June 6, 2014

The West as a de-centering strategy for American religious history

by Thomas S. Bremer

The particular research methods and theoretical perspectives employed in the study of religions in the American west suggest the kinds of questions we ask and the insights we might gain from our scholarly inquiries. But we can also think about the west itself as a particular methodological strategy and theoretical perspective. Used this way, the west introduces a destabilizing element into resilient historiographical paradigms of Christian triumphalism that have burdened the more general field of American religious history. This is an approach I found useful in my recent work writing a textbook on the religious history of America.
The text I have written covers nearly six centuries of religion in America, presented chronologically, while questioning students’ assumptions about both “religion” and “America.” The goal, and the authorial challenge, was to present a “de-centered” narrative that allows students to consider the various ways that people on the North American continent have regarded themselves as religious and as American. One key intention of this textbook is to guide students through the various issues at stake in how people have imagined “religion” and have regarded “America” in ways that have produced normative views of both.

The challenge in avoiding paradigms that imagine religion in decidedly Protestant terms and that present America as the focus of a Christian tale of triumphal destiny is to resist allowing the historical reality of Protestant dominance to overwhelm the narrative by relying exclusively on Christian categories and perspectives for telling the story. The tale I want to present to students needs de-centering strategies that allow for a critical distance on the narration of American religious history. One useful tactic for achieving this is to bring attention early and often to the American west. This approach highlights the multidirectional nature of contact, conquest, and settlement of the continent while mitigating the teleological tendencies of a story that moves inevitably westward toward a conclusion at the shoreline of the Pacific Ocean. In short, my attempt to produce a different sort of story relies to some extent on utilizing the American west as a deliberate strategy for resituating the historical narrative.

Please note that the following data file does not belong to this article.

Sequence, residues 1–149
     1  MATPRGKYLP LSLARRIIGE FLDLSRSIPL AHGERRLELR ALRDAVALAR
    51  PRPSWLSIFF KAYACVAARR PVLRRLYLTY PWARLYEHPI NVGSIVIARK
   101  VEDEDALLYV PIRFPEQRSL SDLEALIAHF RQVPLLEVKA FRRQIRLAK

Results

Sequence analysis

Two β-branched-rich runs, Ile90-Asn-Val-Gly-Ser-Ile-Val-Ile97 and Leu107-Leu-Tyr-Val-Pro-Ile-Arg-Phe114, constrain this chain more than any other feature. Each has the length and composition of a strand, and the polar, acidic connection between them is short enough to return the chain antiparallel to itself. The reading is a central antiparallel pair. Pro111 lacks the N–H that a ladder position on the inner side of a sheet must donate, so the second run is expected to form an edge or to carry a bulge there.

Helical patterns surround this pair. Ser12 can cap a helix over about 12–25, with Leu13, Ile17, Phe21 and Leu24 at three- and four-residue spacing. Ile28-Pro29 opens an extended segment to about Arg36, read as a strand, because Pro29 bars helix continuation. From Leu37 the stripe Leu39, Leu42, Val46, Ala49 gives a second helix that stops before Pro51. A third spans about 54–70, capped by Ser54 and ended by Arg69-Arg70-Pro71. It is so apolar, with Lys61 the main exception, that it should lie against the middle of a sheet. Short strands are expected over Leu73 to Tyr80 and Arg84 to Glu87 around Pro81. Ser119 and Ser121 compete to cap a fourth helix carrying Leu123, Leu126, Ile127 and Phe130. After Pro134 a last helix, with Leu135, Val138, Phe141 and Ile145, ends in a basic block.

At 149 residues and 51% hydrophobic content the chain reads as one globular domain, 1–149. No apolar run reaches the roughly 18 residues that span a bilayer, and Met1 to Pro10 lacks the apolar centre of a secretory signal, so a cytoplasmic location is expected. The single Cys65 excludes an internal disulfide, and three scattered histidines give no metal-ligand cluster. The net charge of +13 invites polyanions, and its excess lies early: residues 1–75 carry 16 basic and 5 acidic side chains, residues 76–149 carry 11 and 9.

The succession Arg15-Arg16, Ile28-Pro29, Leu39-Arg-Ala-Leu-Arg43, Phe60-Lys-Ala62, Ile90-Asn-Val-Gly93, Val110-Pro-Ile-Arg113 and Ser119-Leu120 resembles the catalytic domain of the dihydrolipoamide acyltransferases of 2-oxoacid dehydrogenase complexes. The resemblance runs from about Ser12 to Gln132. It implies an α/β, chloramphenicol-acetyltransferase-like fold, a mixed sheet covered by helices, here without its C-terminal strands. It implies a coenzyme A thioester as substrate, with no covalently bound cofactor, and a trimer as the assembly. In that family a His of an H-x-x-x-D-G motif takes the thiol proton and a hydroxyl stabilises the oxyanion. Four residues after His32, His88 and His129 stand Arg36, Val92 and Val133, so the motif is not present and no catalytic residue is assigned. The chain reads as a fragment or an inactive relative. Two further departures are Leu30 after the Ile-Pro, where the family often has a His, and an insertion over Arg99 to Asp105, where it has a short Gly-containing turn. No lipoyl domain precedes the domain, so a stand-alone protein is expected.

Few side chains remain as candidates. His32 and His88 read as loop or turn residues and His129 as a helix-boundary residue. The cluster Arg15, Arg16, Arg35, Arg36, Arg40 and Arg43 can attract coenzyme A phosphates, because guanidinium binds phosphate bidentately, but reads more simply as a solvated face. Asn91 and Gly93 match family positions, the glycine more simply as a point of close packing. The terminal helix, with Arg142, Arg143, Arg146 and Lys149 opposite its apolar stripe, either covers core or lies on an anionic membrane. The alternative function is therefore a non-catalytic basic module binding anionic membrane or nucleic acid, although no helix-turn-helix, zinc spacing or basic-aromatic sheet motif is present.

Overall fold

The story of the English in America can be an instructive example of how a western orientation can shift the emphasis of the historical narrative. In fact, English claims in North America did not begin in Virginia; before Jamestown, even before Roanoke, the English laid claim to California when Francis Drake spent a month there in 1579. He was attempting to preempt the claims of the Spaniards, the great Catholic nemesis of the Protestant Englishman. Drake’s activities along the Pacific coast of North America draw attention to how English interests were situated in the international politics of religious conflicts; this suggests a different, more expansive context for English colonization. From this standpoint, the internal theological differences within the Church of England that brought Puritan settlers to New England become a secondary, less consequential justification for a Protestant presence in America.

On the other hand, undue emphasis on the west can distort the historical narrative. Yes, the English claimed California before they sent colonists to Virginia, but it remained an empty claim, impossible to enforce and impractical to develop. In contrast, English Protestants who settled in Virginia, New England, and the other colonies established an enduring presence; just as importantly, they introduced religious narratives of providential exceptionalism that have served well the consequent course of nation building in America, with all of its questionable implications and often disastrous consequences.

That traditional tale, with its origins in the Calvinist proclivities of early Puritan colonists, became the conventional historiographical narrative of American religious history, one that has proven remarkably durable. It utilizes the figure of the west most often as the frontier of Christiandom, marking a boundary to be crossed and subjugated. But a different story that reconfigures the role of the western half of North America offers alternative narrative opportunities. The west can serve as an effective strategy for de-centering the tale of American religious history, not as the privileged space for a counter-narrative, but as another point of departure for gaining multiple perspectives on a religious history that cannot be reduced to any particular group or place. 

No comments: